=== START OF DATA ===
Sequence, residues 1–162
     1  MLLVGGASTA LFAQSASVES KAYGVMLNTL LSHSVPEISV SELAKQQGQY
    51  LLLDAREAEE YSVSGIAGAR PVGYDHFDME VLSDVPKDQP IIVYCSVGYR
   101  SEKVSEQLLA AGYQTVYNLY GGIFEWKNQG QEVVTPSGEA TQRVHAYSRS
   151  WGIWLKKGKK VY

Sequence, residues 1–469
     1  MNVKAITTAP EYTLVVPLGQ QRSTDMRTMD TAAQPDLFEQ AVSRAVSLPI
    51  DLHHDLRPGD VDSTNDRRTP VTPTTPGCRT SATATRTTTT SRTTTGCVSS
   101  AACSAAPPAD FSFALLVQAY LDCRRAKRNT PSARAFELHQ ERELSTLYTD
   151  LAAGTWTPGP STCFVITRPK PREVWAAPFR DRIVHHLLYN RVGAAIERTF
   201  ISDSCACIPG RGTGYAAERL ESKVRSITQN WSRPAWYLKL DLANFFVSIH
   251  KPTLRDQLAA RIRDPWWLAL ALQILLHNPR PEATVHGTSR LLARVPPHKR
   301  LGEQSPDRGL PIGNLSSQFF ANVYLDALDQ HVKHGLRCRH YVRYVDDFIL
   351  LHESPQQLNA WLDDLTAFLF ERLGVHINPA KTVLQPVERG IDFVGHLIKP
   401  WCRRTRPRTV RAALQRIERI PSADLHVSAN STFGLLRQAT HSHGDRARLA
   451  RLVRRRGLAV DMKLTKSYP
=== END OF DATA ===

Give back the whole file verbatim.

Sequence, residues 1–162
     1  MLLVGGASTA LFAQSASVES KAYGVMLNTL LSHSVPEISV SELAKQQGQY
    51  LLLDAREAEE YSVSGIAGAR PVGYDHFDME VLSDVPKDQP IIVYCSVGYR
   101  SEKVSEQLLA AGYQTVYNLY GGIFEWKNQG QEVVTPSGEA TQRVHAYSRS
   151  WGIWLKKGKK VY

Sequence, residues 1–469
     1  MNVKAITTAP EYTLVVPLGQ QRSTDMRTMD TAAQPDLFEQ AVSRAVSLPI
    51  DLHHDLRPGD VDSTNDRRTP VTPTTPGCRT SATATRTTTT SRTTTGCVSS
   101  AACSAAPPAD FSFALLVQAY LDCRRAKRNT PSARAFELHQ ERELSTLYTD
   151  LAAGTWTPGP STCFVITRPK PREVWAAPFR DRIVHHLLYN RVGAAIERTF
   201  ISDSCACIPG RGTGYAAERL ESKVRSITQN WSRPAWYLKL DLANFFVSIH
   251  KPTLRDQLAA RIRDPWWLAL ALQILLHNPR PEATVHGTSR LLARVPPHKR
   301  LGEQSPDRGL PIGNLSSQFF ANVYLDALDQ HVKHGLRCRH YVRYVDDFIL
   351  LHESPQQLNA WLDDLTAFLF ERLGVHINPA KTVLQPVERG IDFVGHLIKP
   401  WCRRTRPRTV RAALQRIERI PSADLHVSAN STFGLLRQAT HSHGDRARLA
   451  RLVRRRGLAV DMKLTKSYP